Sorry for the delay on this post. The last day at Biobased Chemicals East held in Boston two weeks ago saw familiar presentations from DSM, OPX Biotechnologies, Verdezyne, and Rivertop Renewables. Rennovia also formally introduced itself to the green chemicals community in one of the morning sessions.
DSM’s presentation was about having an open innovation within the industry by using internal and external ideas, and to profit from outside R&D and other’s IP. An example is their industrial park/campus Chemelot in Europe where different companies and R&D institutions/schools are sharing infrastructure, costs, knowledge and networks to innovate.
DSM also noted that they are developing/moving products within the next 5 years that will fit within the “cradle-to-cradle” concept using lifecycle analysis (LCA). Another project is focusing on cellulosic-based feedstock for chemical manufacture.
As noted in other previous DSM blog posts, the company is working on bio-succinic acid in collaboration with Roquette and has several venturing investments in green chemicals companies such as Novomer, Segetis, Tianjin Green Biosciences (for PHA plastic) and the latest was in Microbia. DSM also introduced this year its bio-based engineering plastic EcoPaxx and biobased composite resin Palapreg Eco.
OPX Biotechnologies’ Chas Eggert talked about its plans to advance its bio-acrylic acid manufacture to demo scale next year, and to commercial-scale via joint venture by 2014. OPX noted current global capacity of acrylic acid at 43m tonnes and global value of acrylic acid at $8bn. Eggert said they have achieved 95% of cost reduction goals toward commercial target of 50 cents/lb within 12 months only, which is faster than what they have anticipated.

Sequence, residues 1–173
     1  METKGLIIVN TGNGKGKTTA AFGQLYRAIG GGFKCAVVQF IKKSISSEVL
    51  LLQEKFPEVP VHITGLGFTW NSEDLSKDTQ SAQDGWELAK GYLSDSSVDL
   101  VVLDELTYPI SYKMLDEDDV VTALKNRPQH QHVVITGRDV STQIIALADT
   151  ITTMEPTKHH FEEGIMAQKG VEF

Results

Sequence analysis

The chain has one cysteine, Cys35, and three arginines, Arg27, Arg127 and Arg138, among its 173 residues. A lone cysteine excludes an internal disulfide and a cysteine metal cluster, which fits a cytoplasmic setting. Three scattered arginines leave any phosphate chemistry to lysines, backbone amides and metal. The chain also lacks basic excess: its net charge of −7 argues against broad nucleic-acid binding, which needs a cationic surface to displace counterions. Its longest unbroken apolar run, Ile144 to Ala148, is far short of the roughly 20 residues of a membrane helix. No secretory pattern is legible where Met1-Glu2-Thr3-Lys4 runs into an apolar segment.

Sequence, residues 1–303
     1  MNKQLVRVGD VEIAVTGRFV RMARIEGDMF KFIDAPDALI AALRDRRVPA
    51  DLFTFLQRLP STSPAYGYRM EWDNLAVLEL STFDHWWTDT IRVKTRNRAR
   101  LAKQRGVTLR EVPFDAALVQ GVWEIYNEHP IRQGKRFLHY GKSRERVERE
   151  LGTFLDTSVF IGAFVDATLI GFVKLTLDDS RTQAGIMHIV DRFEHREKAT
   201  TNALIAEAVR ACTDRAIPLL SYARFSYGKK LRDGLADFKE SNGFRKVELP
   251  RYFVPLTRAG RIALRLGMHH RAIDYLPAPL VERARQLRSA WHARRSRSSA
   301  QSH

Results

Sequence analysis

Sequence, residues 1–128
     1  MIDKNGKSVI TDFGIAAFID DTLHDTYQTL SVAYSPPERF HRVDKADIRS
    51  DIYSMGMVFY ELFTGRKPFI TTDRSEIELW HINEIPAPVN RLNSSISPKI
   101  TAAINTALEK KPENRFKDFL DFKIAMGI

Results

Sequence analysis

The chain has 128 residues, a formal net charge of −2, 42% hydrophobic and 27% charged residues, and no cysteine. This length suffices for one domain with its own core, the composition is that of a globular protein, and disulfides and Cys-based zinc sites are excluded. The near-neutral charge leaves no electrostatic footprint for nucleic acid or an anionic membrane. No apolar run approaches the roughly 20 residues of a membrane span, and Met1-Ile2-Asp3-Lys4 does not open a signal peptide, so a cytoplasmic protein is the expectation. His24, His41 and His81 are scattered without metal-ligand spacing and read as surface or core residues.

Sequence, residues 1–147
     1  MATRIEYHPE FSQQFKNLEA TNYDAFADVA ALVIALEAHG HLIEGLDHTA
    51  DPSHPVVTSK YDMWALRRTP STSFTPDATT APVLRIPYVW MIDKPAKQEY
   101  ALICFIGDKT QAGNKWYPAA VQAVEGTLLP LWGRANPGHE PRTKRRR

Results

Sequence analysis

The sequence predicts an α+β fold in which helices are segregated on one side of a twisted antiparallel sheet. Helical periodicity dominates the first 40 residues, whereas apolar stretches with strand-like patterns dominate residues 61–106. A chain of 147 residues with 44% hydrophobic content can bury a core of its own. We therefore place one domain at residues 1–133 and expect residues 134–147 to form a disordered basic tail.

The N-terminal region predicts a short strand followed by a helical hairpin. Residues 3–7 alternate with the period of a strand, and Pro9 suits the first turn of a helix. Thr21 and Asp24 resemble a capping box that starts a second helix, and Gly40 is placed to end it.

For bio-adipic acid producers Verdezyne and Rennovia, I actually wrote an article about their presentations, which was just published this Monday on ICIS Chemical Business. Unfortunately, it’s for subscribers only. The gist of the article was that both companies are aiming for commercialization within 2014. Verdezyne and Rennovia estimated the global adipic acid market at 4.8bn pounds as of 2009 with growth rate of around 4-5%. Verdezyne noted that the market pull for adipic acid are in polyurethane (20%) and polyamide (70%). Eng’g plastics are the strongest of all potential markets, according to Damien Perriman.
Pls. read recent blog posts on Rennovia and Verdezyne for further updates on the companies.
Last but not the least, Rivertop Renewables’ Jim Stoppert talked about their glucaric acid as the company readies to begin customer shipments (for detergent applications) by mid-2011. Stoppert said the quickest way for their glucaric acid to get into market is via detergents application as alternative to phosphate.
A panel consists of Weyerhauser, Bayer MaterialScience, DSM and Dow Chemical, also discussed partnerships and investment strategies, pros and cons of drop-in chemicals vs novel green molecules (most prefer drop-in chemicals by the way); and intellectual property (IP) headaches – and how this is sometimes unnecessary.
Dow, DSM and Bayer actually have their own venturing businesses which are currently on the lookout for companies that (usually) will fit within their strategic chemical portfolio.Bayer noted by the way that they are interested in looking for partnerships around biobased feedstock.
From ICIS News (requires subscription):